Metroid II: Return of Samus was first released in 1991, a time when I was doing very little console gaming (PC instead). My first foray into the world of Metroid was actually Metroid Prime and even that was only five or so years ago. I remember getting lost in the Chozo Ruins and becoming tired of back-tracking and having to fight endless waves of respawned enemies. While I still have my savegame, I have yet to go back to it.
But that’s in the past — when I saw Metroid: Samus Returns announced and that Mercury Steam (whose Castlevania games I really enjoyed) were doing the development, I was excited about getting back to this popular, but far from overdone Nintendo IP. In Metroid: Samus Returns, you’ll get to experience a vast re-imagining of Return of Samus. The core game is largely still intact apparently, although not having played the original I can’t do any sort of compare and contrast exercise justice. Entirely new to Samus Returns are Aeion infused abilities that allow Samus to scan the surrounding area for items and doors and also use a full-body shield, and two other abilities. The yellow orbs collected from fallen enemies and some power-ups or energy stations are what allow Samus to use these new powers. There is also a cool melee counterattack in which Samus strikes out with her gun-arm. The first enemy you encounter has a visual cue for when they’re about to quickly swoop in for a hit, and if you press X at just the right time Samus not only does a devastating counter, but auto-locks onto the enemy so you can pummel them with your energy weapon. Your ranged weapons are now aim-able in full 360 degrees, which you will have to make use of a lot. Enemies will be above, to the side, below, and many, including metroids, have shielding making precision aiming a requirement, even though Samus is packing some serious heat in the form of missiles.
While Samus Returns does not use all of the buttons on the New 3DSXL (understandable to be compatible with the other DS systems), I felt more control-interaction while playing Samus Returns than about any other game I have played on the platform. You won’t use the stylus at all, but you do tap the touch screen to get into and out of your morph ball, although Samus will automatically go into and out of it under certain environmental conditions. Holding L is for precision aim while holding R switches to missiles, and pressing Y fires your weapon (be it the standard energy weapon, the ice gun, or wave beam) or missiles if you’re holding R. So at times, and in every metroid battle, you are holding L, R, aiming with the stick, and pressing Y to shoot, and possibly going in and out of morph ball and jumping as well. It gets pretty hectic, especially too when you add in pressing left on the d-pad to switch to Aeion-powered shields and then A to activate and deactivate them (they run the energy meter out pretty fast, so you can’t just leave them on). For me, it was fun and challenging, then sometimes for a short while frustrating, but then a lot of fun again.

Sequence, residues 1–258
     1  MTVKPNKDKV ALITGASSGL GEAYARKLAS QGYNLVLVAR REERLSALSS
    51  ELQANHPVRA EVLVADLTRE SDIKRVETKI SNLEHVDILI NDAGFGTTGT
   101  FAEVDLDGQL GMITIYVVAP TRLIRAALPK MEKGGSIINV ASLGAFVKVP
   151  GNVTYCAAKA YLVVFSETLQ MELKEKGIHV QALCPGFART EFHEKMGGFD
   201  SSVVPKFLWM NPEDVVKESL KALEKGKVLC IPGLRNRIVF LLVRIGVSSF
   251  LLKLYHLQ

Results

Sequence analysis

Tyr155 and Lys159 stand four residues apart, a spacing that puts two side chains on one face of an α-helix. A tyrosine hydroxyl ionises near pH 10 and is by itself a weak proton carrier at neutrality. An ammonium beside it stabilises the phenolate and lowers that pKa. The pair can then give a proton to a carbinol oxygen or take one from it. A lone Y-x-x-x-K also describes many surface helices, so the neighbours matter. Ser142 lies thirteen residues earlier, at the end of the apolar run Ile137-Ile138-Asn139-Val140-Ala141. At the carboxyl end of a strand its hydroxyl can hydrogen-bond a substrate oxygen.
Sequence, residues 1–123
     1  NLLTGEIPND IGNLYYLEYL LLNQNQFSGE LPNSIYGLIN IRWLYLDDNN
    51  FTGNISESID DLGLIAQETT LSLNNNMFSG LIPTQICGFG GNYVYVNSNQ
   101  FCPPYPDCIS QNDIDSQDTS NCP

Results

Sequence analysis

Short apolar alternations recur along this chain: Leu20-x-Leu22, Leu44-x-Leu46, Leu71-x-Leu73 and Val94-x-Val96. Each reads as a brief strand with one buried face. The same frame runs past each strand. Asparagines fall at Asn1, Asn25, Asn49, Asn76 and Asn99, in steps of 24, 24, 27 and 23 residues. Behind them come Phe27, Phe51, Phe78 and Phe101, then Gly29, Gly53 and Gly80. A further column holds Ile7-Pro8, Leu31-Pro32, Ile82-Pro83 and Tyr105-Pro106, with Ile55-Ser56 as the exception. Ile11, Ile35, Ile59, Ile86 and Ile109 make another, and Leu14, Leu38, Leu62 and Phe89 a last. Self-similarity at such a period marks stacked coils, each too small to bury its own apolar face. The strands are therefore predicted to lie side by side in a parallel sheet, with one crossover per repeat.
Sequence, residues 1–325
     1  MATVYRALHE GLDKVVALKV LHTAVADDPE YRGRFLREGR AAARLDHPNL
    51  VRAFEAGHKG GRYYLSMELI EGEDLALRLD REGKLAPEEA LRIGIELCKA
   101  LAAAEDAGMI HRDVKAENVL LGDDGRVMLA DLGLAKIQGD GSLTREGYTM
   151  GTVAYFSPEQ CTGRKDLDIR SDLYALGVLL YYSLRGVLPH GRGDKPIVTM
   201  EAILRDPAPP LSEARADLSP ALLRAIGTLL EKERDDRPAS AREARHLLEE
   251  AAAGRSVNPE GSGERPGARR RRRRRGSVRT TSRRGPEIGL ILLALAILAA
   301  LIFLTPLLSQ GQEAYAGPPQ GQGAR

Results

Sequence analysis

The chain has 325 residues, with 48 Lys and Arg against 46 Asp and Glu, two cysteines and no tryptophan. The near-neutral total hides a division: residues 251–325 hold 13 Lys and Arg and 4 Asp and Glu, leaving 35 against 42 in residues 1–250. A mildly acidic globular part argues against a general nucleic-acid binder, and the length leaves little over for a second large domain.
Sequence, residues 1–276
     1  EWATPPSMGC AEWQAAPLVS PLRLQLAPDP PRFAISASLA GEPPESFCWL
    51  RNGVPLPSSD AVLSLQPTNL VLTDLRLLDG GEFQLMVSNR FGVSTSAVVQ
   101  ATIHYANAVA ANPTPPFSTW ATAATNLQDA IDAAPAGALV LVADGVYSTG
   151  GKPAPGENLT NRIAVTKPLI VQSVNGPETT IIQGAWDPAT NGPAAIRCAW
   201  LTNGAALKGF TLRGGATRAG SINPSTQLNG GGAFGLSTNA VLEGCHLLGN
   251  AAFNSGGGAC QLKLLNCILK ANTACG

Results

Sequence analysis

Metroid’s difficulty level deserves some mention as well. It’s not a painfully hard game, but it can be tough at times. The metroids drain your health fast, and you will at times wonder if you have enough energy tanks to get the job done. Fortunately, the game is smart about check-pointing right before a metroid encounter, and you will have warning of said encounter before you enter into the ‘room’ with the metroid to do battle. Energy, Health, and Ammo stations are around, although pretty scarce, as are of course save points. For me, most of the challenge in Samus Returns has been about not getting lost as it has been defeating metroids. The map is very helpful, and you will come to know what the dozen or more icons on it represent (there is a legend provided) in short order. Using that scan ability is a necessity to find hidden paths, including paths to secrets with energy and missile tank upgrades (much more of the latter than the former). I thought the developers did a nice job of making use of Samus’ full arsenal of abilities and weapons not only in combat, but in navigating the treacherous planet she is on. Ultimately, the difficulty of Metroid is well balanced and fair, sometimes it took me 15+ tries on a metroid, sure, but load times are quick, you can always take a break, and the reward of triumph and moving on and exploring the gameworld was well worth it.
A major part of the appeal of Samus Returns is the presentation quality. I played this on my Hyrule Edition New 3DSXL with 3D mode full-on and really enjoyed the beautiful color use and that literal extra dimension of the backgrounds. This is a purely 2D action platformer, but the 3D effects of the backgrounds are great. Seeing alien creatures moving about, or water flowing from the back to the fore, is really neat and every ‘room’ was something I looked forward to seeing first-hand. The music supports the atmosphere of being a lone hunter on a difficult mission, and the looks and sounds of the ancient Chozo artifacts were cool, too. It’s a really pretty game to look at and listen to, making it little wonder the soundtrack is available in a limited edition version, too.
Simply put, Metroid: Samus Returns is an excellent game. It honors the past and adds a lot of great new gameplay elements. The Metroid series strives in 2D, and Samus Returns is another clear demonstration of exactly that.